I think that when the 25th anniversary of the death of the artist’s agent Jesús Antonio Pulpón takes place, next year, the world of flamenco should pay a tribute to this great man. Yesterday, December 10, was the 24th anniversary of his death, and I remember that day as a very sad one. At the time I worked at Radio
I think that when the 25th anniversary of the death of the artist’s agent Jesús Antonio Pulpón takes place, next year, the world of flamenco should pay a tribute to this great man. Yesterday, December 10, was the 24th anniversary of his death, and I remember that day as a very sad one. At the time I worked at Radio Aljarafe, where I produced a popular, two-hour daily flamenco show. Pulpón used to listen to that show and he would call me now and then, annoyed at some criticism of his work, although I must confess he was always proper and respectful with the critics, because he understood the importance of the media for defending, dignifying and promoting flamenco.
Jesús Antonio Pulpón wasn’t the first great promoter of flamenco, as some people think, yet he was the most powerful of his time, as was the case, in earlier days, with Monserrat, his brother-in-law Vendrines or Pascual Saavedra, to name just the most renowned. While Vendrines belonged to the period of the Ópera Flamenca (from 1926 to 1936), Pulpón belonged to the time of the summer flamenco festivals, and it would be hard to conceive that period without him. Who could forget this great man arriving at the Potaje de Utrera, the Caracolá de Lebrija or the Festival de Cante Jondo Antonio Mairena, often carrying a black folder under his arm? He would arrive, pay the artists and rush to another festival, sometimes hundreds of miles away. That was Pulpón, a tireless worker.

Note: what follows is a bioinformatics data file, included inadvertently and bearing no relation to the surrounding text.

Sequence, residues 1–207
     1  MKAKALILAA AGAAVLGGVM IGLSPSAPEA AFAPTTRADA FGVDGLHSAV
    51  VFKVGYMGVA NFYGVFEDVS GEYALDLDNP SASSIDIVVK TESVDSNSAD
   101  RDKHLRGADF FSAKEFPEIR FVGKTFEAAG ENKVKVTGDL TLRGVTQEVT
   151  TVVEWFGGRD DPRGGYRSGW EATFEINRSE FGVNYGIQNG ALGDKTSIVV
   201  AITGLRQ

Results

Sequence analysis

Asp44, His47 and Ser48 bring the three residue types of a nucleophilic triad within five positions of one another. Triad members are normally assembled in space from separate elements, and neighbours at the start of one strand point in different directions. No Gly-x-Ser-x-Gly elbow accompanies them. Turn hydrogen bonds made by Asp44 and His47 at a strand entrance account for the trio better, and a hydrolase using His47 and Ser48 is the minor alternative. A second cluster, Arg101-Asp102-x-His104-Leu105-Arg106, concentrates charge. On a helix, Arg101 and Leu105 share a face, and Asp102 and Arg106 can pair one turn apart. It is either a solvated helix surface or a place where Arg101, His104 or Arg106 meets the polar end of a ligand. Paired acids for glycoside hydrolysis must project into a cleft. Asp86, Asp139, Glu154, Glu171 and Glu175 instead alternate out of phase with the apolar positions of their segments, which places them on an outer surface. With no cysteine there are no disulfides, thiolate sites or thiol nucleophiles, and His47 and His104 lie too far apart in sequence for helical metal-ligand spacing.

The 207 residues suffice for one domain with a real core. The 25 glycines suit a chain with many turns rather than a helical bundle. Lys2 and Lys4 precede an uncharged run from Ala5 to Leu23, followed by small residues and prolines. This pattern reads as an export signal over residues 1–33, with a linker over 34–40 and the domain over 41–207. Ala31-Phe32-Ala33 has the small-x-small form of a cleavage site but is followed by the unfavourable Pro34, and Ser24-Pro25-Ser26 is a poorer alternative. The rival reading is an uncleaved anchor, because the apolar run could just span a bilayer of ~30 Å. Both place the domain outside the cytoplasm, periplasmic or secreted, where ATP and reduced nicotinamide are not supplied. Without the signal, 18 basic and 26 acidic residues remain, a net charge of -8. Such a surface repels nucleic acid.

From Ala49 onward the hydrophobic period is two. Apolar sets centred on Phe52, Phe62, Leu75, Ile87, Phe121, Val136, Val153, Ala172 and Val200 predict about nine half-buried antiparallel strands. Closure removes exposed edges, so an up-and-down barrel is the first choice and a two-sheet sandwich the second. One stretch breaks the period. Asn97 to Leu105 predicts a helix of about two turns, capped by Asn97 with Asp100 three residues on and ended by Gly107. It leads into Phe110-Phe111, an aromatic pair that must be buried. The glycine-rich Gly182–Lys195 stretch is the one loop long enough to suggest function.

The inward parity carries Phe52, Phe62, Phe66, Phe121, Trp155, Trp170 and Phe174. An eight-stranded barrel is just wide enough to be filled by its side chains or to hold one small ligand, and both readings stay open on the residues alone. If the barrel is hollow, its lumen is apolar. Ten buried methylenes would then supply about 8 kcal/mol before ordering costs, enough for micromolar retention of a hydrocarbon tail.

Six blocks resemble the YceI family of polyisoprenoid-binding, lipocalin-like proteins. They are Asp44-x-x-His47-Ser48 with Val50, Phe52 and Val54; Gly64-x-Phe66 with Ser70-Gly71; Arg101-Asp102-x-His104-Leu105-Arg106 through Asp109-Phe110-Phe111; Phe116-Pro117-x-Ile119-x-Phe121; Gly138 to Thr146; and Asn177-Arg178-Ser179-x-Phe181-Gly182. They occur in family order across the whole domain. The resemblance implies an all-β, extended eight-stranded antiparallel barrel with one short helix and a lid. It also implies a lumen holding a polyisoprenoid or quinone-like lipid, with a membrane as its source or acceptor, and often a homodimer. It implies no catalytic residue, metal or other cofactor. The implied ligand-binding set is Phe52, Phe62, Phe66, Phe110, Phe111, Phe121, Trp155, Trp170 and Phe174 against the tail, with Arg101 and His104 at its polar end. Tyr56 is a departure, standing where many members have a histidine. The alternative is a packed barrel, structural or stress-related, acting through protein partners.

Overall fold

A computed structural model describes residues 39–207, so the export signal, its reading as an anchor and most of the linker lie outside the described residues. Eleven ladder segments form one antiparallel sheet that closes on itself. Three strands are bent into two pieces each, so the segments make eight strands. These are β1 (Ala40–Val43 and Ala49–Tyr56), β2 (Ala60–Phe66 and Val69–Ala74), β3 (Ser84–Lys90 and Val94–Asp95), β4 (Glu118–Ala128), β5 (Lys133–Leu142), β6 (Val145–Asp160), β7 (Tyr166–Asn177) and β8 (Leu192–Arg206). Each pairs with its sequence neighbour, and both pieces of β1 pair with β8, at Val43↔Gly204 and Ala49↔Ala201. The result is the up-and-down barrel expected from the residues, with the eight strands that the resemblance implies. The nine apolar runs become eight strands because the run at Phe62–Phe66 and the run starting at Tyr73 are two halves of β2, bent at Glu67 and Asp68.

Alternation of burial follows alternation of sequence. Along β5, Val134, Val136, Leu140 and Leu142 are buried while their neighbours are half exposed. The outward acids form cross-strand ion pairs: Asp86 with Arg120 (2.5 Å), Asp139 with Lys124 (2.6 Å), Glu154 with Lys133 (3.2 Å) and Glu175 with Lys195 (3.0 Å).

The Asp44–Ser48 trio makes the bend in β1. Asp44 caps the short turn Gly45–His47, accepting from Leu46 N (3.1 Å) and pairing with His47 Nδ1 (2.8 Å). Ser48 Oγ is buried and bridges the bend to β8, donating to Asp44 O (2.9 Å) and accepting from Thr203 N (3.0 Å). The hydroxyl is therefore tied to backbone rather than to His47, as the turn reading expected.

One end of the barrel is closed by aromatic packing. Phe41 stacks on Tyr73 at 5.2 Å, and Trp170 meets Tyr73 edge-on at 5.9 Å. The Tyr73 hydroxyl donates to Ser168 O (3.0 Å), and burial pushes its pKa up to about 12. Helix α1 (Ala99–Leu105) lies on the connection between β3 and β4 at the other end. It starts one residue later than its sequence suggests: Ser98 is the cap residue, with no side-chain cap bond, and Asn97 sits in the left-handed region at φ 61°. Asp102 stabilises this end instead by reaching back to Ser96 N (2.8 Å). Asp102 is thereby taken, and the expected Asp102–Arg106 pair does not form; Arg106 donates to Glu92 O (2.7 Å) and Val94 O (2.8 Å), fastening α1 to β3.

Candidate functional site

Without a doubt, he was the most powerful man in flamenco, even commanding more power than Antonio Mairena, and that’s saying something. When so much power is yielded, though, it’s not easy being fair. Whoever disagreed with Pulpón often ended up sidelined. Whoever acted against him or his interests, did so at their own peril. Yet, if one day someone writes a biography about Pulpón (something that should be done), they ought to highlight his constant commitment to dignify flamenco and its artists. He was not only concerned with the big stars, but also with the lesser-known artists who would sing, dance or play the guitar with great purity, but were not suitable for the stages, something that in the earlier days of Monserrat and Vedrines would get them shunned.
What’s the role of the artist’s agents in an art such as flamenco? Frankly, they play a very important role, even as we sometimes perceive them as blood sucking parasites living off the artists. Like in all professions, there are all kinds of people, but I have met some agents that should be honored one day, and Pulpón is one of them, with all his flaws and virtues. He’s a man who started writing contracts on his bicycle and then became the most powerful man in flamenco.
I would sometimes visit him at his office in La Campana, in the heart of the Old City district of Seville, and I was always welcomed with enthusiasm and kindness. Many fascinating things were discussed at his office. One morning, as I was waiting to meet him, I couldn’t help but listen to a conversation he was having at his office with a well-know flamenco star, who told him: “Antonio, I want to make something very clear: I want to work little, earn a lot, declare the essential to the taxman and only get the best gigs”. Pulpón wasn’t in a good mood and just answered him: “Then quit flamenco and go work for the government!”
You probably can figure out who was the big star. Don Jesús Antonio had to deal with some tough cookies.
Translated by P. Young